Ask a group of computer enthusiasts today to name their
favorite operating system and the chances are it will
be Linux. Linux is the open-source operating system
that has prompted an outbreak of Linuxmania in the computing
world, where it is touted as a potential competitor
to Microsofts all-powerful Windows. The thirty-something
Finn Linus Torvalds didnt invent the open-source
movement, (much of the credit for that is given to Eric
Raymond and Brian Behlendorf) but he did turn the spotlight
on it as never before. In doing so he has highlighted
how the Internet has made it possible to rethink the
organization and the process of product development.
Torvalds was barely out of diapers when he started
programming computers. Aged 10, he was writing computer
games for a Commodore VIC-20 that his grandfather had
bought him. At Helsinki University, he graduated from
computer games to operating systems. He didnt
like his PCs pre-installed operating system (Microsofts
DOS), preferring the Universitys UNIX system.
The problem was that there was no UNIX version for PCs.
So he wrote one: "When I was 21, I was very self-assured
when it came to programming and not very self-assured
when it came to anything else. But I knew I was the
best programmer in the world. So I just decided Hey,
why couldnt I do this myself? And so I did."
He called the new OS "Linux". And then, astonishingly,
instead of making millions of dollars from his new program,
he gave away the source code. This instantly made him
a hero of the open-source movement.
Torvalds has moved to Silicon Valley, still continues
to have an input into the development of the Linux OS
and is also involved in a new project at Transmeta.
Transmeta is threatening to shake up the cozy coterie
of chip manufacturers, Intel and AMD. Transmeta (www.transmeta.com)
has come up with a revolutionary approach to micro processing.
In its new Crusoe microprocessor, Transmetas developers
have managed to combine the silicon chip with a microchip
instruction set executed entirely in software. This
means the processor can "learn" and be modified
over time, it also means high speeds with little power
drain. In other words its a mobile computer manufacturers
Ten years on from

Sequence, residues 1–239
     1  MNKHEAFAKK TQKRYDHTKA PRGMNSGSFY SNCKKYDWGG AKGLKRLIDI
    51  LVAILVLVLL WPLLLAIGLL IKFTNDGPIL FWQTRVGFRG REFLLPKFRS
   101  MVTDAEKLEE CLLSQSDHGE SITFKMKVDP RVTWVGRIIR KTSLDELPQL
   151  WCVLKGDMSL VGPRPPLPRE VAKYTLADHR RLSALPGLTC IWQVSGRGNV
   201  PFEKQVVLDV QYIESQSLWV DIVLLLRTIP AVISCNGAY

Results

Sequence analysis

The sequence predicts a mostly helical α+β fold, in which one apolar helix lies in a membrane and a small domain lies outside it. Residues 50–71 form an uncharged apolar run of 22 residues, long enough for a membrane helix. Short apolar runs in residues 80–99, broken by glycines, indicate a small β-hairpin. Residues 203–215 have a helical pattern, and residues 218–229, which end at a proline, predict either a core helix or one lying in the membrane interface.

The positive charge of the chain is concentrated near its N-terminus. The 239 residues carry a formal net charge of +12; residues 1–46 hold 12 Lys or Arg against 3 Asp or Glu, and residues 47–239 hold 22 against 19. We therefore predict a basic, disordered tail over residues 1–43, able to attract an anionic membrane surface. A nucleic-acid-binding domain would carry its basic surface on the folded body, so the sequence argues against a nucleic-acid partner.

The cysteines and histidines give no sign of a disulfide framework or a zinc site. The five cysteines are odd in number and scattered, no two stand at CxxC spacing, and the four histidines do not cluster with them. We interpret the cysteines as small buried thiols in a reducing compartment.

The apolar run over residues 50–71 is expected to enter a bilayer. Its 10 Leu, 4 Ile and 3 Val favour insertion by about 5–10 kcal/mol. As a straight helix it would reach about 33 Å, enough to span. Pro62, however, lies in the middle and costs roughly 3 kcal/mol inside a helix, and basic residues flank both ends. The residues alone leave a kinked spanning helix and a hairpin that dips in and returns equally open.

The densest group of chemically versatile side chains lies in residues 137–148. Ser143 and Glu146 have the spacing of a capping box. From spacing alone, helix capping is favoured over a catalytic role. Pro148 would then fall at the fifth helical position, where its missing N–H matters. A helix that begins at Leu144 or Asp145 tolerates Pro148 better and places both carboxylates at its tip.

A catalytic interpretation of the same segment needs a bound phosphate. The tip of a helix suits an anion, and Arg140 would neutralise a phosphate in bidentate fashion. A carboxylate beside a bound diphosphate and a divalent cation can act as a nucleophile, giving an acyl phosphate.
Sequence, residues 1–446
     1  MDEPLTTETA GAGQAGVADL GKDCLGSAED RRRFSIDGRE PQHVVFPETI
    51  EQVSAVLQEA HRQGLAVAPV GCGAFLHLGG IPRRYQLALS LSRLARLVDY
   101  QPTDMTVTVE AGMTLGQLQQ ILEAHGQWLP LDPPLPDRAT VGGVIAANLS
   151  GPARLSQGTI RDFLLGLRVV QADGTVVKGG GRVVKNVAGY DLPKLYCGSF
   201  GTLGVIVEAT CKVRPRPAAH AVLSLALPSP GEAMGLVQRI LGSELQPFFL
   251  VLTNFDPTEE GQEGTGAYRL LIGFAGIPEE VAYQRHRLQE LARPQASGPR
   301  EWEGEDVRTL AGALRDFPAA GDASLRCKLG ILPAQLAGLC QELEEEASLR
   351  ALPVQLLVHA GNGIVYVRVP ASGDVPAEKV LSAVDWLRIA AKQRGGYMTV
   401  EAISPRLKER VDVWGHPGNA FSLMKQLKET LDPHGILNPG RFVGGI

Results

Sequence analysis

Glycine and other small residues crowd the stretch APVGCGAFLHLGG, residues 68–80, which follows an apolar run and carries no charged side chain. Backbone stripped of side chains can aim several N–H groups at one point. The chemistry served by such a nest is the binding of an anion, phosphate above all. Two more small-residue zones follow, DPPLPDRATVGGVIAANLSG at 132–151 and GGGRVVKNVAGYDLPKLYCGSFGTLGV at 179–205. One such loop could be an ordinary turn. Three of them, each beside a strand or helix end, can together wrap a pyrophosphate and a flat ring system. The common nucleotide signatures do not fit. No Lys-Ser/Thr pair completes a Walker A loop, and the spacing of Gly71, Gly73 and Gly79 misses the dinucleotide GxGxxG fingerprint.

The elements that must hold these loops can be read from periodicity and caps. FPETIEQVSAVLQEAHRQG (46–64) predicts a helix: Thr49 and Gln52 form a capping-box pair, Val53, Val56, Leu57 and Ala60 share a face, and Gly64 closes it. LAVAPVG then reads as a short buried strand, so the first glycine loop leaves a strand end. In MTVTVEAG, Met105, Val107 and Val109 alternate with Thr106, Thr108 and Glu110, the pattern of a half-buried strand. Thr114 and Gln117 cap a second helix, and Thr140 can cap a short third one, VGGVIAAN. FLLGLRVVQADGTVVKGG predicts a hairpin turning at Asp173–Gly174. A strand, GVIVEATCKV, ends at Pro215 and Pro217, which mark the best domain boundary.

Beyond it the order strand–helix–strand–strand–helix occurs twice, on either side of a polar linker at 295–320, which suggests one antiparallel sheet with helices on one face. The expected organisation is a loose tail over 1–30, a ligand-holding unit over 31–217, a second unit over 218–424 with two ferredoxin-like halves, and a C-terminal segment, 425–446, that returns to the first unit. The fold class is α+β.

Linux, Jorge Nascimento Rodrigues met up with Torvalds
in his corner office
at Transmetas Silicon Valley HQ.
Why did you decide to work for Transmeta? What was
Well, no-one does something drastic like moving to
a new country with his family for just one reason, so
there was certainly more than one thing that made Transmeta
very attractive to me. The main one, though, was simply
that of all the projects I'd heard of, Transmeta's was
the most interesting technically. To a large degree
what we did (and do) is basic research, which at the
same time has a very obvious and very immediate practical
application too. There are not all that many projects
around like that. Couple that with the energy and excitement
of working at a start-up, and I certainly still think
I made the right decision.
Is there any relationship with Linux?
Well, a lot of what Transmeta does is actually fairly
intimately tied in to what made me start Linux in the
first place. Linux originally grew out of my own project
to learn all about the Intel 80386 architecture, and
while my work at Transmeta has been very different from
my Linux work, there certainly are a lot of overlapping
How did you find adapting to Silicon Valley?
I personally had a very easy time to adapt to Silicon
Valley -- probably at least partly because of being
able to fit in with work so well. My wife took more
time to get used to it, although she's certainly done
so by now. And our eldest daughter was just ten weeks
old when we moved, so she never even knew Finland. Apart
from work, the climate has certainly been part of the
reason we've settled down so well. Coming from Finland
I can certainly tell you that it makes a huge difference.
What's your forecast for the Linux movement? Do
you think it's a true challenger of Microsoft market
Mostly I really don't think like that. To me, Linux
been about the technology, not so much about market
share. I certainly think that Linux is a true challenger
- I've done so for years, and the last few years have
obviously not produced any reason to become any less
Will your work with Transmeta affect the Linux movement?
It hasn't really so far. Oh, it's changed some things
on how I work,
not the least because now I'm in the middle of a lot
companies using it and some things are easier to do
from Silicon Valley than from Finland, but on the whole
things haven't changed much. You have to realize that
I had a life outside Linux even before I joined Transmeta
- people just didn't talk all that much about things
like having to get a degree etc at university.